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Explorer of the Seas Dining

Home > Cruise Ship Reviews > Royal Caribbean > Explorer of the Seas Review
82% of cruisers loved it
  • Sails to Bermuda and Caribbean from Cape Liberty
  • More than 15,000 square feet of fitness and spa space
  • Some 50 percent of cabins feature balconies

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Explorer of the Seas Dining
The three-level formal dining room is one of the most stunning in moderately priced lines: a magnificent space linked by a grand staircase, dramatic fluted, gold-leaf columns, golden velvet curtains and a ceiling dome with gold sky burst rays, stars and fiber optics. Each of the three levels is themed to a legendary explorer: Columbus, Da Gama and Magellan, with mosaics on the walls celebrating their journeys.

Explorer of the Seas offers Royal Caribbean's flexible My Time Dining program at dinnertime. Passengers can choose between assigned early (6 p.m.) or late (8:30 p.m.) dining with pre-determined tablemates, or opt for flexible dining, in which you pick a preferred mealtime (anytime between 6 and 9:30 p.m.), but can change your reservations on a daily basis. (Note: Those opting for My Time Dining will need to pre-pay gratuities.)

Cuisine is generally well-prepared, if not innovative. (Royal Caribbean doesn't pretend to be a gourmet-dining cruise line.) Each menu includes healthy fare options (such as grilled sea bass with ginger lemon sauce), vegetarian dishes (at least one, like vegetarian chili, but sometimes there's an Indian vegetarian dish in addition) and a standard in-case-nothing-else-appeals selection of entrees (rigatoni with marinara sauce, Atlantic cod, chicken breast and black angus top sirloin). Service by the international staff was attentive and friendly.

Breakfast and lunch are open-seating, though you shouldn't take that to mean that you can always snare a quiet little table for two. The ship's best-kept secret may be that lunch in the dining room is one of the better meals onboard. The salad bar is staffed by chefs, who create salads according to your instructions; the ingredients (fresh vegetables, meats and cheeses) are fresher and more varied than in the Windjammer, and the heaping plate of veggies can easily stand alone as a full meal. Plus, the Brasserie30 option, which allows you to choose two menu items and finish your meal within 30 minutes, is a terrific choice for those who want to get back to the pool or other onboard activities.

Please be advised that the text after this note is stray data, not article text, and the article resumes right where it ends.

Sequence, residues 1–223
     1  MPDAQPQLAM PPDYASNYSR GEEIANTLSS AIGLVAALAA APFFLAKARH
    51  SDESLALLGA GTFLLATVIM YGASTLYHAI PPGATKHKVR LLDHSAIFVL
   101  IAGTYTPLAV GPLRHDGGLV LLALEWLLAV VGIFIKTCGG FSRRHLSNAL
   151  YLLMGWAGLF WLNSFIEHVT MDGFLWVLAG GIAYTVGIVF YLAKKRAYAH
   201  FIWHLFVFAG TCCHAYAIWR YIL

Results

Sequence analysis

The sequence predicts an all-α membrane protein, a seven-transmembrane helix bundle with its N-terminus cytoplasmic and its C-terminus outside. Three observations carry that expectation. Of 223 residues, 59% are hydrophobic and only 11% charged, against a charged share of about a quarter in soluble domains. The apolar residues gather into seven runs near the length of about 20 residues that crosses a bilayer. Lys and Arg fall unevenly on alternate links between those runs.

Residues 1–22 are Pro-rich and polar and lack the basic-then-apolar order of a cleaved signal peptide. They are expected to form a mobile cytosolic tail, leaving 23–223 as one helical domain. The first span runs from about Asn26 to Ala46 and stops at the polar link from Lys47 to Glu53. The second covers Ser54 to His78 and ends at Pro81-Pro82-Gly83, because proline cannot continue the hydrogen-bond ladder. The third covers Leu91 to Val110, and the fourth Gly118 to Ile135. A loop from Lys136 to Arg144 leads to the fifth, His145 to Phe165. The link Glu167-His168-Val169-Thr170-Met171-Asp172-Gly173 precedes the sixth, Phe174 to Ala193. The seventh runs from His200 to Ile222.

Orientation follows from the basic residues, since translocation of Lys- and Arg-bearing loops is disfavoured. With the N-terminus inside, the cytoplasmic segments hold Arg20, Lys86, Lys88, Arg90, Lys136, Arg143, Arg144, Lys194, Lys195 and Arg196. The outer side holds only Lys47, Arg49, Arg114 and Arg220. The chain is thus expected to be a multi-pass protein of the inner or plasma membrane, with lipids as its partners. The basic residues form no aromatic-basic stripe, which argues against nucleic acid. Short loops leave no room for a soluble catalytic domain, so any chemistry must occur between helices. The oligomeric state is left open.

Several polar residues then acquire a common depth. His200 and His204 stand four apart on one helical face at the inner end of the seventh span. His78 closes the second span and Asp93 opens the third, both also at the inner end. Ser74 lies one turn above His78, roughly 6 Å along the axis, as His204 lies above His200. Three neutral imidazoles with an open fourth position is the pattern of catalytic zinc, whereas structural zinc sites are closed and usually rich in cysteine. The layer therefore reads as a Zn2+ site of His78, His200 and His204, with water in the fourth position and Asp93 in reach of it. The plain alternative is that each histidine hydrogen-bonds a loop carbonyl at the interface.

The Windjammer Cafe, Explorer of the Seas' buffet restaurant, is open for breakfast and lunch, and it features mediocre, steam-table cuisine. Kudos must be given, however, to the egg station at breakfast (where you can request a variety of prepared-to-order dishes) and the carving station at lunch. Baked goods are consistently excellent. The Windjammer is also open for dinner and is an option for those nights when flexibility is preferred. The buffet features the same items as are on the main dining room menu, but be forewarned: quality was especially mediocre.

Other complimentary options include Jade Sushi and Asian-Fusion (adjancet to the Winjammer complex), with self-explanatory cuisine. On the Royal Promenade, the Cafe Promenade features light fare at all times (pastries in the morning, sandwiches at night); try the pizza, it's excellent.

The primo dining experience onboard occurs in the intimate, 88-seat Euro-Italian Portofino Restaurant. Menu items include risotto, three types of pasta, Caprese salad and other Italian favorites. Service and cuisine are exceptional, but be prepared for a long dinner. While Portofino is a reservation-preferred restaurant ( pre-cruise reservations can even be made online), the first night of any cruise tends to be very slow, so walk-ins are accepted. Otherwise, peak times occur between 7 and 8:30 p.m.; if reservations seem tough to snare (and they can be), go earlier or later. Portofino levies a $20 surcharge.

Not to be missed, either, is Johnny Rockets, a 1950's-style dining venue. (On our cruise, particularly around noon, it appeared that most of the passengers on the ship were attempting to eat there at the same time!) Enjoy impromptu waitstaff song-and-dance performances with your burgers and onion rings. There's a $4.95 cover charge to eat Johnny Rockets food. (No matter how much you order, the fee is still the same, and iced tea, milkshakes and draft beer are a la carte.) A couple of hints: If you don't like to wait in line, aim to arrive at 11:30 a.m., just after it opens, or after 3 p.m. (and anytime at night). Another tip: You can order food "to go," and there's no additional charge, beyond the cover.

Royal Caribbean's room service options are available around the clock via 24-hour menus that offer a range of snacks and sandwiches. At breakfast, continental dishes, along with a handful of egg entrees, are available both in cabins and suites. Items off the main dining room menu can be ordered at dinner. There is no charge for room service between 5 a.m. and midnight (though a buck or two gratuity is recommended); late-night orders incur a $3.95 fee.
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